Trump’s historic pick for Education Secretary

An overview of the politics surrounding Betsy DeVos’ Senate confirmation thanks to tie-breaking vote from vice-president Mike Pence

By: Benjamin Mussett

Despite a fight from Senate Democrats, Betsy DeVos, a wealthy Republican party donor and school-reform advocate, was confirmed as education secretary this week following a confirmation process fraught with controversy. Ms. DeVos, a previous chair of the Michigan Republican party, was barely approved after vice-president Mike Pence broke the Senate’s 50-50 tie in an historic deciding vote.

While previous vice-presidents have broken Senate ties before, Tuesday’s event represented the first instance where a vice-president has voted to ensure a cabinet member’s confirmation. The Senate came to a tie after two Republicans, Senators Susan Collins of Maine and Lisa Murkowski of Alaska, voted against Ms. DeVos’ confirmation.

A Rocky Start

President Trump’s choice for secretary of education generated immediate resistance from Senate Democrats who claim Ms. DeVos is unqualified for the position. This assertion is due in part by her lack of experience with public education. Ms. DeVos has not attended any level of public school nor have her children.

According to Vox, Ms. DeVos’ Senate confirmation hearings bolstered Democratic claims of ineptitude. When asked for her perspective on whether student performance should be measured based on overall growth or proficiency testing, Ms. DeVos seemed confused by Senator Al Franken’s question. The Senator expressed significant concern with Ms. DeVos’ unfamiliarity. The growth versus proficiency debate has been a constant in education policy circles over the past few years.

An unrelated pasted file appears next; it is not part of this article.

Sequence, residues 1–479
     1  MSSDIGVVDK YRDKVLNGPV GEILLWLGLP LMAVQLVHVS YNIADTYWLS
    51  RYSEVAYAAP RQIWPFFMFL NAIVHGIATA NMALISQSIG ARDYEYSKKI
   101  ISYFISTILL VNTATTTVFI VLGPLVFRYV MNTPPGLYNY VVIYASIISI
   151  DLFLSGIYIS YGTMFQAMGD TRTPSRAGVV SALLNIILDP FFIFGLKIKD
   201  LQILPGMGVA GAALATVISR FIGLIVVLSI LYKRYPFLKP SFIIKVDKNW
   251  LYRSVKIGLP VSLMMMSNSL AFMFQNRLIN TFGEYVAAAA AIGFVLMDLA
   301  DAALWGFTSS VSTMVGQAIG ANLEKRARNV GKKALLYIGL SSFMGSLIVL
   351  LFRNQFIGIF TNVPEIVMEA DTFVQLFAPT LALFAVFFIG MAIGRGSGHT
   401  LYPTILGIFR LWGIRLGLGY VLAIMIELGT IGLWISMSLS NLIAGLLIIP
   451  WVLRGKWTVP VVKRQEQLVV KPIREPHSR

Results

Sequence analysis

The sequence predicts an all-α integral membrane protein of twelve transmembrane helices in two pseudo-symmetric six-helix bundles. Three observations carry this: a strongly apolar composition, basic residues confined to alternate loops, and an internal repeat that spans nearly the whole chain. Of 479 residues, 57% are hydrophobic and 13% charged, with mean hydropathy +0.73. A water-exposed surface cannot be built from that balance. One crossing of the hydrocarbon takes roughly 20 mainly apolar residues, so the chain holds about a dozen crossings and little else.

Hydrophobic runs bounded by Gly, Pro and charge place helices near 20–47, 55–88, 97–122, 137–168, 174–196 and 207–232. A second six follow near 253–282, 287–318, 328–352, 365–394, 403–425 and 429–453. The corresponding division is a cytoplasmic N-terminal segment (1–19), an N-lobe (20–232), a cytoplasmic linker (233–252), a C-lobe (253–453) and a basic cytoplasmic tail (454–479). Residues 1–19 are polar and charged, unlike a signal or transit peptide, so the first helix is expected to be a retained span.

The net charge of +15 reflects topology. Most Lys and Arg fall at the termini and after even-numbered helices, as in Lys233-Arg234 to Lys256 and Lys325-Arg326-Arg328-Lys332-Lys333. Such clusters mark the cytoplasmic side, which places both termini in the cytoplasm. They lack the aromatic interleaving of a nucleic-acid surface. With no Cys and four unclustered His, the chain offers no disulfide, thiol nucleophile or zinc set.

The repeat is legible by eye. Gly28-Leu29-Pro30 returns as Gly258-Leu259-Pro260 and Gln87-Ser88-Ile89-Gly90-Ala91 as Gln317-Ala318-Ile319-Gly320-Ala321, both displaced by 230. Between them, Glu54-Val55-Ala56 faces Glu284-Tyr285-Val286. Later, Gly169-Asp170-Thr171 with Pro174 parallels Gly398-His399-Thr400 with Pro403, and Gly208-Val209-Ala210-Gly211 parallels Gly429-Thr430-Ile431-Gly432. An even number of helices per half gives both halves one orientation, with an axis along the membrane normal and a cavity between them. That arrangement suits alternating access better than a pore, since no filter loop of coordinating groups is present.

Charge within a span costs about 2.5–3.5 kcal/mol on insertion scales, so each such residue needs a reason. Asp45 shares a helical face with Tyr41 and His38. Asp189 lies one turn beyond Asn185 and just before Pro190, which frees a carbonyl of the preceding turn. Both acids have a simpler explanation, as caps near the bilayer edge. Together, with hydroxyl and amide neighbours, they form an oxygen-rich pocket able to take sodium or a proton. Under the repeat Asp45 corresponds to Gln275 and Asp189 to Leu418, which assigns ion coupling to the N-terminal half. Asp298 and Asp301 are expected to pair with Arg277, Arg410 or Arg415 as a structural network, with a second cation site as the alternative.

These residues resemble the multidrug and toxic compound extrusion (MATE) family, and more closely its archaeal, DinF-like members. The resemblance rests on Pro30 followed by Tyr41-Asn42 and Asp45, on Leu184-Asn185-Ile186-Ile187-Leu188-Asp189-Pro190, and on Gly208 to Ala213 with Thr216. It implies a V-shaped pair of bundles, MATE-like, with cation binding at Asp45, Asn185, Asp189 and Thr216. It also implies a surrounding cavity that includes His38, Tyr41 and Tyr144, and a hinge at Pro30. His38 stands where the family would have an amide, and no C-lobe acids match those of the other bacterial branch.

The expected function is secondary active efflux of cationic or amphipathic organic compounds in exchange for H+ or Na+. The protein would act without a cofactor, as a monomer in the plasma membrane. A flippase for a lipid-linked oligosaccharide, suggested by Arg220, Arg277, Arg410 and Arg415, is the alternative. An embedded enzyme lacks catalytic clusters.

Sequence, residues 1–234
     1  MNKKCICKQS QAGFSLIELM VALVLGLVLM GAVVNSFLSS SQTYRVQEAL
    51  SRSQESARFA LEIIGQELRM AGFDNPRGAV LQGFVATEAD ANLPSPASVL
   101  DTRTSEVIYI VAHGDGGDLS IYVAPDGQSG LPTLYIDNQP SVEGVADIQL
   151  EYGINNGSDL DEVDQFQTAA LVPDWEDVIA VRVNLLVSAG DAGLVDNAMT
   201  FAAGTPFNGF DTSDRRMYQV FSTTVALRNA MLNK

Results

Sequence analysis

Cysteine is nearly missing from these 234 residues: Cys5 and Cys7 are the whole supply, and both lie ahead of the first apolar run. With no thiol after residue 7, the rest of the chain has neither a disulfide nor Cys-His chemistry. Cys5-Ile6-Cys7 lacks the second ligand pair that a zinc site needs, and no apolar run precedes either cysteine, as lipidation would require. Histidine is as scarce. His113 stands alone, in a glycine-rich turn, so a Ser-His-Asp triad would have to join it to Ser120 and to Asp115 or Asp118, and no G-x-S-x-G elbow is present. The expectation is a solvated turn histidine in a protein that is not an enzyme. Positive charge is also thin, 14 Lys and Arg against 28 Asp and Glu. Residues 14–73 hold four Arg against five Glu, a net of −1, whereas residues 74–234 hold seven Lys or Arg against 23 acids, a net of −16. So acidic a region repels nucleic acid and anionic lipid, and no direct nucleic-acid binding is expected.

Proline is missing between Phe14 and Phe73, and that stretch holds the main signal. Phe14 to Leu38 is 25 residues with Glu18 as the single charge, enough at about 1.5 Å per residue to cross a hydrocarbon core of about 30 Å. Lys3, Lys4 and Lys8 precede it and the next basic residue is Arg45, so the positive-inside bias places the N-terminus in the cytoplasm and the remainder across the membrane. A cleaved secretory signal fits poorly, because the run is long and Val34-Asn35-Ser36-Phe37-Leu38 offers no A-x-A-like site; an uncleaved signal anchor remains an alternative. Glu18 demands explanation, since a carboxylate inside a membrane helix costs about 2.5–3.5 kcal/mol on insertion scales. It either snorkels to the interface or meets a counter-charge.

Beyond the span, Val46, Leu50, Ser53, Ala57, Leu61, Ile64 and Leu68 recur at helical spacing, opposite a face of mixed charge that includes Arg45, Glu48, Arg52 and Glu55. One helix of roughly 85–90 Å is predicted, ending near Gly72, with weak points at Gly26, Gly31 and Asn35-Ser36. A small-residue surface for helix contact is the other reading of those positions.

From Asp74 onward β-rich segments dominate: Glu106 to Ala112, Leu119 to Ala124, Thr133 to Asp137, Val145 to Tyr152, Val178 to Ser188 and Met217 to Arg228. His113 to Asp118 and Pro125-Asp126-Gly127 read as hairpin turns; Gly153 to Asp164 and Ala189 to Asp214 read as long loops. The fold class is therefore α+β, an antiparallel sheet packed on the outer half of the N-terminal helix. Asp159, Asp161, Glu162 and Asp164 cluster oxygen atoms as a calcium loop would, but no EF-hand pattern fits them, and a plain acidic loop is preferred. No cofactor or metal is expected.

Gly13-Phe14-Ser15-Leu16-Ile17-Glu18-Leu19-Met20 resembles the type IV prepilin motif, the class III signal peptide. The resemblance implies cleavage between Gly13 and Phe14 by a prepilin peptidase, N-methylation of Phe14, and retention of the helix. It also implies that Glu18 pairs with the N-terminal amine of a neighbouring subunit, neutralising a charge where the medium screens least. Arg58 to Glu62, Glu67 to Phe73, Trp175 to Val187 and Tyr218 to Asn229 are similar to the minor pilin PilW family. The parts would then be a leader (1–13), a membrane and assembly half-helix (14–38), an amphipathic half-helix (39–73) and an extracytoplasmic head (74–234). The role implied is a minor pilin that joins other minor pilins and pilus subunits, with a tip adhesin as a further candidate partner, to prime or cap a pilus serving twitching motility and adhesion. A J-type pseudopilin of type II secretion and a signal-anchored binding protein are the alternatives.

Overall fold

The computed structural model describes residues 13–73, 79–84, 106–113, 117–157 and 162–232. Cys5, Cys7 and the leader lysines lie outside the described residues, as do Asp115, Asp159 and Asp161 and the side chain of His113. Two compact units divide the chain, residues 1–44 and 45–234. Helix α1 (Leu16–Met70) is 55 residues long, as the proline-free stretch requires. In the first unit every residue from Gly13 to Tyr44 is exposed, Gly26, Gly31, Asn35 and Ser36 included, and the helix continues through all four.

Democrats also voiced worry over Ms. DeVos’ reported conflicts of interests as her and her family have long donated substantially to the Republican party and hold financial stakes in numerous businesses. Like President Trump, Ms. DeVos could potentially see financial reward from government decision-making she is involved in. The newly-appointed secretary drew particular disapproval for failing to complete her ethics and financial review paperwork prior to her confirmation hearings, as is tradition.

At one point during her hearings, Senator Bernie Sanders of Vermont asked Ms. DeVos if she believed she would have been nominated “if [her] family had not not made hundreds of thousands of dollars in contributions to the Republican Party.”

The moment from the hearings which arguably drew the most public attention, however, was when Ms. DeVos suggested that the presence of guns in schools may be necessary in some cases “to protect from potential grizzlies.”

The Public vs. Private Debate

“She led the most effective public school reform movement over the last few years,” said Senator Lamar Alexander, a Republican from Tennessee and former education secretary, in response to Democratic criticism. The appointment of Ms. DeVos has once again raised the common education debate over whether government should prioritize public education or increase support for the private option.